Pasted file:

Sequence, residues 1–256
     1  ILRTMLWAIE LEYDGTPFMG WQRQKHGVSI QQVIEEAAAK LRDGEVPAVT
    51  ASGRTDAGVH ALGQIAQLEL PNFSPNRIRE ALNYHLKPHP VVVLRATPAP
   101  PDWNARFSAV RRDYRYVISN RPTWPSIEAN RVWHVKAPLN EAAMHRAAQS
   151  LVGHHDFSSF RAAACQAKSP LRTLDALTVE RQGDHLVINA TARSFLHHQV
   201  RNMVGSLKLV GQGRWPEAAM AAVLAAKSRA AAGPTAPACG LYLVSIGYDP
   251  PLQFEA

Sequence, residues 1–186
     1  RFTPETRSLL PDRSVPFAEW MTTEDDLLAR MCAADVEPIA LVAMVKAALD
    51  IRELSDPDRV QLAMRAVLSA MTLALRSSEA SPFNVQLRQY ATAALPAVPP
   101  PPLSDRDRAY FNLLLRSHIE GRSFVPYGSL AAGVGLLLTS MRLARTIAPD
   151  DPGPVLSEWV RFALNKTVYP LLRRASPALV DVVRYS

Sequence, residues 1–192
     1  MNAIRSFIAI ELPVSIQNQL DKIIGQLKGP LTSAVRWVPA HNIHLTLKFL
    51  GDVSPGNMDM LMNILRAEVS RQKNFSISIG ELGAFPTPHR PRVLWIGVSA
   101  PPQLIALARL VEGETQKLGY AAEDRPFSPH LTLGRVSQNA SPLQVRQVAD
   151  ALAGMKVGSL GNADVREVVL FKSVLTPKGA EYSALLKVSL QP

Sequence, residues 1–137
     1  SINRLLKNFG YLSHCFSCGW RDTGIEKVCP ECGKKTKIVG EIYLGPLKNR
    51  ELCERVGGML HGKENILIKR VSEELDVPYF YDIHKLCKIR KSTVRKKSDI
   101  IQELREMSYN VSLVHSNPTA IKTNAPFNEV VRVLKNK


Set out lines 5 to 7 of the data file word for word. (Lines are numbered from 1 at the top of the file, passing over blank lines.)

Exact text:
   151  LVGHHDFSSF RAAACQAKSP LRTLDALTVE RQGDHLVINA TARSFLHHQV
   201  RNMVGSLKLV GQGRWPEAAM AAVLAAKSRA AAGPTAPACG LYLVSIGYDP
   251  PLQFEA